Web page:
Neither is 7-4.
Wolford needs to change some coaches, replace some starters and add some playmakers. But, more than anything, he needs to reassure recruits, players, fans, boosters and his bosses that he’s capable of taking the next step.
Until he does, YSU fans will look longingly at the man whose offices are 50 miles to the west and whose legacy seems so much further away.
Year in review
Team MVP/offensive player of the year: Jamaine Cook, Sr., RB.
Despite promises of a reduced workload, Cook posted a career-high in carries (279) and a career-load in yards per carry (4.6).
He wasn’t as explosive as he was as a sophomore, but he was never better, carrying the team on his shoulders over the final three games when it was clear the offensive coaches had lost trust in almost everyone else.
Cook finishes his career as the team’s second-leading rusher and No. 1 in all-purpose yards. But his impact goes beyond statistics, where he was the team’s unquestioned leader and hardest worker during the Wolford era. He was a player who had to be seen on a day-to-day, game-to-game basis to fully be appreciated.
Defensive player of the year: Aronde Stanton, Sr., DT.
He led the team in tackles for loss (7.5) and was second in sacks (four) and served as the emotional leader of the defense’s best unit.
Favorite player to watch: Cook. YSU’s strength coach, Mike Cochran, called him the strongest pound-for-pound player he’s ever worked with. I believe it.
Runner-up: Andre Stubbs, WR, RFr.
Favorite player to interview: Andrew Radakovich, Sr., LT. Whether he was bragging about his beard (“[Center Mark Pratt] said I copied his style. I said, ‘No, I’m just doing it better,’” Radakovich said), his athleticism (he said he has the “pure speed” to play receiver but not the hands) or his team, he was — by far — the funniest and most memorable player behind the podium.
Game of the year: While it didn’t have the drama of the win over Northern Iowa (which snapped an 11-game losing streak to the Panthers), YSU’s 31-17 win over Pitt was as complete and as satisfying as any since the 2006 playoff season.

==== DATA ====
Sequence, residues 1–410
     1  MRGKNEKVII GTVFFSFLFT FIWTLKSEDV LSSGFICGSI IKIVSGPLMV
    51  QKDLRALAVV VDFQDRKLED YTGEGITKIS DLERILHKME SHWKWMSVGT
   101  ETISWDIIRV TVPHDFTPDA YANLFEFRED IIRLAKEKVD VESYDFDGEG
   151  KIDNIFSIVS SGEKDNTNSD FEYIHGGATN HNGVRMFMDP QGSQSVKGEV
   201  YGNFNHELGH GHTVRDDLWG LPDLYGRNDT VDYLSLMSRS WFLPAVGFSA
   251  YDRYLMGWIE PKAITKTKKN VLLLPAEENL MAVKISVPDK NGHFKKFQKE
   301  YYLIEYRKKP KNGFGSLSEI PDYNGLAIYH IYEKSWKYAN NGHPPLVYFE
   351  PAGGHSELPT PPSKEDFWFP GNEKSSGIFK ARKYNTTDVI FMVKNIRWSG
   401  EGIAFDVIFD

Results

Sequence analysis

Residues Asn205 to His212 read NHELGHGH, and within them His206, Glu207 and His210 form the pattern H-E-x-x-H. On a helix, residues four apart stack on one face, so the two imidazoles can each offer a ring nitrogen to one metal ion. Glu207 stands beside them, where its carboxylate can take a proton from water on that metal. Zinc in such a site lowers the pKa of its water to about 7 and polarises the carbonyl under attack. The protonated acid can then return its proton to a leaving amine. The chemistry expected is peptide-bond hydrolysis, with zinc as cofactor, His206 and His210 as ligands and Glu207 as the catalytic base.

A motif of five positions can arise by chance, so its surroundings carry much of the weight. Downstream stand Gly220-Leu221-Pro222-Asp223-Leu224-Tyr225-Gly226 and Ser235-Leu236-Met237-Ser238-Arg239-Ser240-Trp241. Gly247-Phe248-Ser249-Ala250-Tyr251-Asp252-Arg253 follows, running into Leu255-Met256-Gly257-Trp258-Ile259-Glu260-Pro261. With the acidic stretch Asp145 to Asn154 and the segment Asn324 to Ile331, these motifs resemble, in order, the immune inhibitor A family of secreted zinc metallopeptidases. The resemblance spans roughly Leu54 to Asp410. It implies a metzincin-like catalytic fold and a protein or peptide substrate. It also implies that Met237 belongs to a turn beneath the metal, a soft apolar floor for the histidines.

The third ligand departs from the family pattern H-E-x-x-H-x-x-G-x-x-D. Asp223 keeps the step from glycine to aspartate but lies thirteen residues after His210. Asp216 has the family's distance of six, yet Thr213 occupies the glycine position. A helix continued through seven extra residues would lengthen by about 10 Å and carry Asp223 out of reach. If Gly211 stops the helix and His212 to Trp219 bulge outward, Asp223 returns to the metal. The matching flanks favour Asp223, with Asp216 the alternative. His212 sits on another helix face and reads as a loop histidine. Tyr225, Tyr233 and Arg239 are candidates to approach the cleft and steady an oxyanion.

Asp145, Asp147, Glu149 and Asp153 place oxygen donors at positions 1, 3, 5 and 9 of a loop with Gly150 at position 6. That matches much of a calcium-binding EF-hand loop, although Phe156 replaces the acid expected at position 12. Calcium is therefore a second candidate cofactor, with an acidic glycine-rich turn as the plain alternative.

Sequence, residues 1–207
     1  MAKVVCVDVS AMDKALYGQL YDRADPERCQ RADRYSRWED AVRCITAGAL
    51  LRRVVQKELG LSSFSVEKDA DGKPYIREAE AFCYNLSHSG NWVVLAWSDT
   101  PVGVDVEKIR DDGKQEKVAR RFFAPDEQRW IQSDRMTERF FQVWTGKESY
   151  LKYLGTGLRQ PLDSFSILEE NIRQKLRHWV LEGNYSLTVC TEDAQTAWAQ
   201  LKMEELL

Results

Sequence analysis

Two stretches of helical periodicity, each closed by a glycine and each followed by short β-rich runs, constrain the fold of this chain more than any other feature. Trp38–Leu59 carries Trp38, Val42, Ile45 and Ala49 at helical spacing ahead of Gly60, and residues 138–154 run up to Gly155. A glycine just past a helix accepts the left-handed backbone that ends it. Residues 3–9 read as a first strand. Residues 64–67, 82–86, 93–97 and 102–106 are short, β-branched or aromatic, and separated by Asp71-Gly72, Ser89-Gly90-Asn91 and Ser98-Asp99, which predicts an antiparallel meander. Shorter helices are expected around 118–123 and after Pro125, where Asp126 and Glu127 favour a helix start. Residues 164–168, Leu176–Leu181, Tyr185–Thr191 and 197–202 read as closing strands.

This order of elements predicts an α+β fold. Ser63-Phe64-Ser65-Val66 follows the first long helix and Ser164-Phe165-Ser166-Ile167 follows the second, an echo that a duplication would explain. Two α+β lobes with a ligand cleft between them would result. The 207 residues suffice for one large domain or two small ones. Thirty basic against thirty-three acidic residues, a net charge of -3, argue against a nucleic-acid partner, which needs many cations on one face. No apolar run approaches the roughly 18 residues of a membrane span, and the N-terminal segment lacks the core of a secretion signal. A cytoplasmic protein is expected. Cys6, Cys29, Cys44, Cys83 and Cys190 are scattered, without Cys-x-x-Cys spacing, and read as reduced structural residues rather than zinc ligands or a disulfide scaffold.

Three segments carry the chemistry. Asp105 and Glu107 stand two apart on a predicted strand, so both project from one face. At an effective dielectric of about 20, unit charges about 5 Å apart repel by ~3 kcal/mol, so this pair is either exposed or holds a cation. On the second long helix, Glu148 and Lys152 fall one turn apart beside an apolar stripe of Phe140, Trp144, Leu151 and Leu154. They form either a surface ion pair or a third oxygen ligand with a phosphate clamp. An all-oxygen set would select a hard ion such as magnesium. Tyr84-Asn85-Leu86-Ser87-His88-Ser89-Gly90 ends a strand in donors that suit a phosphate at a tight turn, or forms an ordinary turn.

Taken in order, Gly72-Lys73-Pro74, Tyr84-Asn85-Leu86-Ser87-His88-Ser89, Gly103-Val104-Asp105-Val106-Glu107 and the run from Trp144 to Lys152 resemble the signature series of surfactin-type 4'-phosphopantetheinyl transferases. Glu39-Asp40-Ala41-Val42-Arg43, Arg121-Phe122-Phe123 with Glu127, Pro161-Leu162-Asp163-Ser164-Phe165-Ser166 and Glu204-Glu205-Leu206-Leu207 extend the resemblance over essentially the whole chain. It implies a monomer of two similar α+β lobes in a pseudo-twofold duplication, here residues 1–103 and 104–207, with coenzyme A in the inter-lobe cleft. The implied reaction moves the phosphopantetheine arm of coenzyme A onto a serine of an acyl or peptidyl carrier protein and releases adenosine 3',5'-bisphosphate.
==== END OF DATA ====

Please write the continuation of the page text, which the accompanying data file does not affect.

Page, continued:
Afterward, Joe Malmisur (“The Man who hired Jim Tressel”) said this: “That was the best victory I’ve seen in my lifetime.”
Alas, YSU didn’t play that well again until the finale. The Pitt win was supposed to be the start of a season to remember. Instead, it was the highlight of a season to forget.
Finally, the five quotes I loved the most:
From Wolford, on punter Nick Liste’s eyebrows: “Look at them things. Have you ever seen anything like that? It’s a little like Mike Cochran’s back. They’re like evergreen trees.”
From Radakovich, on the teammate with the worst hair: “I’m going to go with [OL] Fred Herdman. He just looks terrible at all times during the day.”
From Pratt, after being told line coach Carmen Bricillo wants to shave Pratt’s back and give it to guard Chris Elkins to use for facial hair: “You might as well. I have enough to give him a full beard and then some.”
From defensive line coach Tom Sims, on enjoying his college days at Pitt: “I went there as a 250-pound linebacker and left as a 300-pound nose tackle.”
From Radakovich, on whether he or his roommate snore during road trips: “Me and [senior guard] Lamar [Mady] are very sound sleepers. We don’t make any noise at all. We do a little cuddling before and just go ahead and [sleep].”